That inability to provide the vocal power to the twenty-five-plus hit songs of the 1980s cuts across most of this cast in 2018. Unlike a year ago, key parts are sorely lacking vocally, including the three Divas (who provide much of the back-up music for the lip-singing drag queens) and Miss Understanding (who has a chance to bring the house down in “What’s Love Got to Do with It?” but does not come close to doing so in this production). Full chorus numbers are also often weak in volume, accuracy, and pizzazz, with not only the vocals but also the choreography of AeJay Mitchell missing the target in number after number. (Last year, by comparison, kudos galore showered on AeJay Mitchell’s clever, well-coordinated, and highly varied choreography; but this year, cast members often look clumsy and insecure in trying to deliver what appear to be much simpler and less impressively designed movements.)
While some of the potentially funniest moments fall flatter then they should (e.g., a feat with Ping Pong balls by one crazy-headed dancer that normally is a show-stopper but in this show, is just silly at best), at least one expected moment does not disappoint at all. Charles Peoples as Felicia once again draws the night’s most sustained applause for an outrageously performed lip-synch of a recorded “Sempre Libera” (La traviata)while sitting high above in a beaded turban and silver gown, astride Priscilla’s roof-situated, pink slipper.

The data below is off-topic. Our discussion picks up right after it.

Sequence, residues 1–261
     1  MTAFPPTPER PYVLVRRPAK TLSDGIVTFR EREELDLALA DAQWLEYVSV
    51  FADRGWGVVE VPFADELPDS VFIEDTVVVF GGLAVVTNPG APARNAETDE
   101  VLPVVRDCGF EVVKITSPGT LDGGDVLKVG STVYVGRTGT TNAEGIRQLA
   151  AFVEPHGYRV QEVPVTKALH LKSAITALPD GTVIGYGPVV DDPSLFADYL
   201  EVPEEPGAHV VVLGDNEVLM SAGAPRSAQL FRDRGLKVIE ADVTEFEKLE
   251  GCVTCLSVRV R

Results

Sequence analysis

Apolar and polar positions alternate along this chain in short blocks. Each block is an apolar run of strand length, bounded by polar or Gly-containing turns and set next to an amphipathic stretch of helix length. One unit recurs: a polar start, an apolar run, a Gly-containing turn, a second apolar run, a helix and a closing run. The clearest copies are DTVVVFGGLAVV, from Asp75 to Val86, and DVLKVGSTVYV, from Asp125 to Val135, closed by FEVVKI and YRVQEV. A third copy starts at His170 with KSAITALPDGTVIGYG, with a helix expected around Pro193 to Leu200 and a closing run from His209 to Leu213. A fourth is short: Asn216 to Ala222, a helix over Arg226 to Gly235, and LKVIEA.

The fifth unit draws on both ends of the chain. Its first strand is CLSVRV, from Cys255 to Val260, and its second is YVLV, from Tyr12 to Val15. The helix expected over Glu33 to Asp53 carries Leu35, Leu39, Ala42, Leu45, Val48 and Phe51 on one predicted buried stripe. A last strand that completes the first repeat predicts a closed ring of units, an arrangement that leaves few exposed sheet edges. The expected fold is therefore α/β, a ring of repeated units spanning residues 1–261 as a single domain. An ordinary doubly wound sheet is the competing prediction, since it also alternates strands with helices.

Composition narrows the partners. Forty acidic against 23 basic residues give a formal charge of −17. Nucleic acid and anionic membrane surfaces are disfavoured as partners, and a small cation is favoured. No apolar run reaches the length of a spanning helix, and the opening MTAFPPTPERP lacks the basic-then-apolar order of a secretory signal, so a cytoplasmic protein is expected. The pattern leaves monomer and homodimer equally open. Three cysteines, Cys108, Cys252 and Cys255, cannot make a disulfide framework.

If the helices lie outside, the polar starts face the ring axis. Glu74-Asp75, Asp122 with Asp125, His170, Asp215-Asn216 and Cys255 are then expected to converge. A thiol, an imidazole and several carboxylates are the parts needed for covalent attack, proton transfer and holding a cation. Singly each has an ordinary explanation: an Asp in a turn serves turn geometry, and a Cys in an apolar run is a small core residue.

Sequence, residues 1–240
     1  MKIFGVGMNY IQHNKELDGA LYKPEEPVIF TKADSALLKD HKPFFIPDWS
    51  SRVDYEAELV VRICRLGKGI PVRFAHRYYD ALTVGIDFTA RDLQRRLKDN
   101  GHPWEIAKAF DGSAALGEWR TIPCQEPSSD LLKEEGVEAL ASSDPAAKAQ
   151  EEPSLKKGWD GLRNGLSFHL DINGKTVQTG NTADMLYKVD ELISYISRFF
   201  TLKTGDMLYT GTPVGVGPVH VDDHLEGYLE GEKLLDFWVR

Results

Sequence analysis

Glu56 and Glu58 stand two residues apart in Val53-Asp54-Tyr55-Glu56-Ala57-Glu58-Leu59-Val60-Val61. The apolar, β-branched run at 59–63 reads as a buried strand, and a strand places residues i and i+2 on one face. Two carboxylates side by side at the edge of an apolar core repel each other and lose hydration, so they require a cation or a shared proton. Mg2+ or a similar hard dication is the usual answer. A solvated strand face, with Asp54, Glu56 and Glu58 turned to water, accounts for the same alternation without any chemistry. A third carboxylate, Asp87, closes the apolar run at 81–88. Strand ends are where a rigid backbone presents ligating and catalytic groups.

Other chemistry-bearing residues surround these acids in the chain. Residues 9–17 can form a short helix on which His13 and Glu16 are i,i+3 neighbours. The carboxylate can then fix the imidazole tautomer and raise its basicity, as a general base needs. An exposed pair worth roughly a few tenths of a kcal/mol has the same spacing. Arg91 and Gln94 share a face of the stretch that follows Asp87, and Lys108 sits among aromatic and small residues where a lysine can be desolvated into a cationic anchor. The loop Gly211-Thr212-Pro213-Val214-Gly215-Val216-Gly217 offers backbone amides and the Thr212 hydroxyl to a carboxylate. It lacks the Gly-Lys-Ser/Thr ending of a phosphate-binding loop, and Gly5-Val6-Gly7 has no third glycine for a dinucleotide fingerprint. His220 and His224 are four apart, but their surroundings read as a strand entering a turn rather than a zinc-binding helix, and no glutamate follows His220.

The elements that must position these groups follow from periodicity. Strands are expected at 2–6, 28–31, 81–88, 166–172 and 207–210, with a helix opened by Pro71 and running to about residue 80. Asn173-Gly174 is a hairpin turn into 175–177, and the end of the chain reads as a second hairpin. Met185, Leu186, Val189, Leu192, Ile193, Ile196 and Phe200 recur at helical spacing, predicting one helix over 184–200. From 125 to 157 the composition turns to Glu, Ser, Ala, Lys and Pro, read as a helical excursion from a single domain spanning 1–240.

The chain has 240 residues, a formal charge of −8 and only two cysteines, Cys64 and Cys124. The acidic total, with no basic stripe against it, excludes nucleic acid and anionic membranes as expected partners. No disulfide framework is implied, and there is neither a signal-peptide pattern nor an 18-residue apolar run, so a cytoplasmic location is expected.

And not to be over-looked is the third returnee in the same role, Cameron Weston as the moon-struck mechanic Bob, who finds among these traveling, three queens a long-lost love from his days as a soldier in Vietnam. Mr. Weston’s Bob is yet again extremely likeable and down-to-earth. There is a genuineness that exudes his portrayal; and while his singing voice is also not the strongest, it is true in its message in numbers like the reprise of “A Fine Romance.”
Finally, a shout-out also goes to young Cameron Zener whose eight-year-old Benji (son of Tick) is a delight and a heart-warmer. He and Tick score one of the current show’s best-delivered numbers when they join in a duet of “I Say a Little Prayer,” less for the singing but more for the magnetism generated between a boy and his long-absent dad.
Even if in my opinion the 2018 Theatre Rhino reprise of Priscilla, Queen of the Desert is not overall as good as the 2017 mounting, there is no denying that the opening night audience of many friends, family, and loyal Rhino-fans were having a helluva good time. As the run continues, I imagine some of the issues I saw will be resolved (such as a sound system that did not perform consistently, making matters worse for the performers). And for any first-timers seeing Priscilla on stage, Theatre Rhinoceros’s outlandish trek across the Aussie Outlands will definitely provide an eyeful of glittering craziness that makes the evening fun and frivolous.
Rating: 3 E
Priscilla, Queen of the Desert continues through June 30, 2018 as a production by Theatre Rhinoceros at the Gateway Theatre, 215 Jackson Street, San Francisco. Tickets are available at http://therhino.org.
Photo Credits: David Wilson